Furthermore, when a hill climber runs on a PE + noise, it has a much higher chance of staying at global maximums than at local maximums. Entropy works with the hill climber, not against it.
Now lets take a step back to reality. Where does this put us? It simply states that if we are going to use a hill-climbing procedure (which
MOST of these search methods really are, a GA is really just a massively parallel hill-climber), then a perfect evaluation function is not what we want. We want something close to the perfect evaluation function with a good bit of noise so that we can get knocked out of local maximums and find the true global maximum.
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Okay, so now that we know that the evaluation function does not have to be perfect (it simply must be "close enough"), here is my plan if I were to create a GA team creator.
1. First, I program a very basic AI. A little more advanced than just randomly picking any move, but one that can see the benefits of rain-dance, spikes, and so forth. It doesn't have to look ahead further than 5 or so moves, and certainly doesn't have to beat a human.
2. Now, I create a set of random (legal) teams. To evaluate the teams, I sort them using insertion sort or something. The "compare" function is going to be an actual simulation of the game. AI vs AI using the two different teams. The winner is judged as "better". And of course, after insertion sort is run (or maybe shell-sort or something). Or maybe even just a tourney is run... the general thing happens. Cross teams, mutate teams, etc. etc.
3. Iterate for hundreds of thousands of loops.
4. Write a better AI, and write a simple hill climber based on random mutations. No crossover or anything, just change 1 to 4 aspects of the team, compare old vs new. Keep the better one. Iterate for thousands of generations till the team cannot be improved. The goal at this point is to find the local maximum. Hopefully, the GA found a solution close to the global maximum, and a specialized hill-climber will find the local maximum faster.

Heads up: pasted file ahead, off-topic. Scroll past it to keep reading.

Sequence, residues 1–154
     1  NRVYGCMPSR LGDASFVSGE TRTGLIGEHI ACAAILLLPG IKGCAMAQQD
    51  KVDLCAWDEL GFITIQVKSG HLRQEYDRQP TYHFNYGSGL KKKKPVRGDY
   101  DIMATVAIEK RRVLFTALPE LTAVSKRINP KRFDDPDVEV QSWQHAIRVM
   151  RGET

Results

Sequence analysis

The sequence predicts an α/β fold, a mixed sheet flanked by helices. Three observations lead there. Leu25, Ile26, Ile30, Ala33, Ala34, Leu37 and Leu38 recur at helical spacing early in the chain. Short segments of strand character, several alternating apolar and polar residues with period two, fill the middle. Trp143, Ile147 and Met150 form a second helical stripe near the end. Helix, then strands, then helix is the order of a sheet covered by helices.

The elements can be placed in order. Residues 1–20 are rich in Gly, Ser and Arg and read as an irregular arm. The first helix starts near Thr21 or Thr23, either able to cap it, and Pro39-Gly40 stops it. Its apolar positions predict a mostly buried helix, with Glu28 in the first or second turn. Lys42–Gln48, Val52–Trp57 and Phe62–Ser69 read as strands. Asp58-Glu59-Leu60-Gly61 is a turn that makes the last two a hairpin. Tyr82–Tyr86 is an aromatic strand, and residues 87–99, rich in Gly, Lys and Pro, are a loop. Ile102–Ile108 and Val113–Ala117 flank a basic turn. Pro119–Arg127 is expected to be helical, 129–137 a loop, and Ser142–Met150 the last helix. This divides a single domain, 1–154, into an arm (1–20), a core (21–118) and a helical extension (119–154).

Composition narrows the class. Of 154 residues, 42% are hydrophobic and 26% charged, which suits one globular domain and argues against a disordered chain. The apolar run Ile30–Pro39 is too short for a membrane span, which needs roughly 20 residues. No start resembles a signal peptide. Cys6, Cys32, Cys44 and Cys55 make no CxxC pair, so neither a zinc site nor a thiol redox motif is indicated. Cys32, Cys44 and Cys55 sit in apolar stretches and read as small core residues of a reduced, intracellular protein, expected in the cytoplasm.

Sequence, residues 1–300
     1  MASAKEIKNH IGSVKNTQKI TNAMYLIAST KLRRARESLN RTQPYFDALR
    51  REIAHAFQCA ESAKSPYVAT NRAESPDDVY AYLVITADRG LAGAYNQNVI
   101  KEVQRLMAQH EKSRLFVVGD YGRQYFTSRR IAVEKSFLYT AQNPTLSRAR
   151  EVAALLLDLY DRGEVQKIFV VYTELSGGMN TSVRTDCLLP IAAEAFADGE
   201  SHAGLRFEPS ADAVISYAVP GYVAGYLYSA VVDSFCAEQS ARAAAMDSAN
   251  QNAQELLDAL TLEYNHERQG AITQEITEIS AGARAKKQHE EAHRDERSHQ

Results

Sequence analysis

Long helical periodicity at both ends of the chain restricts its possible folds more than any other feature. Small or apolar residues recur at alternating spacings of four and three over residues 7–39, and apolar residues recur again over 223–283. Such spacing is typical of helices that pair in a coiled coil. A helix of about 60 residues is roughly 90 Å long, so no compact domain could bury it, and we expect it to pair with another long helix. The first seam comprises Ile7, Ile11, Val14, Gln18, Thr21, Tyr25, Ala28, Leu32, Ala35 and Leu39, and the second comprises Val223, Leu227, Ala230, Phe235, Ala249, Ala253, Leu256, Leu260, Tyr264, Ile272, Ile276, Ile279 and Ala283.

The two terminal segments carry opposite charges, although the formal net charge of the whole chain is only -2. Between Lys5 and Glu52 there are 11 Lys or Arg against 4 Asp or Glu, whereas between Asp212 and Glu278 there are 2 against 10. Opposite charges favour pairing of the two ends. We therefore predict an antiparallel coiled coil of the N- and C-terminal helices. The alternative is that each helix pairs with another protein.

5. Profit!
KOs mean more than the percentage of damage dealt. But anyway, the problem is how far ahead it can see. Sometimes payoffs are distant, such as when you use Heal Bell/Aromatherapy or spiking moves. If status effects, spikes, etc are associated with a penalty, part of that foresight is immediately taken into account and the bot's play should improve.
Certainly. However, those issues can be simplified down to damage dealt later on in the min/max expansion. I'm probably beginning to stretch the heuristic here too far, but please correct me if you see things otherwise.
Heal Bell/Aromatherapy can be seen as preventing damage from the opponent. This would be caught in the "min" part of the min/max tree. Minimizing the % damage the opponent would do to you in a given turn in the future.
Spikes, inflicting status effects, and so forth can be seen as Maximizing the total damage dealt by us, or minimizing the total damage dealt by the opponent. As a stupid example, if we look ahead 5 turns, and we predict that the enemy will switch 4 times with our given plan,
EVEN if spikes are on the field, then that can be seen as increasing our % damage 5 turns later. If the opponent has a rapid spinner, he'd want to
MINIMIZE the % damage dealt to him by switching his rapid spinner first, and then switching 3 times. Or at least, that would be his plan.
Again, this is a heuristic. Just as chess computers heavily use a bad heuristic to play chess well, I'm sure we can use a bad heuristic to make Pokemon AIs play pokemon well. As stated before, many chess and checkers AIs simply count the number of pieces left on the board, and check for the possibility of forced checkmate. Similarly, all a Pokemon AI would have to do would count the total % damage dealt to the opponent, and check for the possibility of a perfect sweep.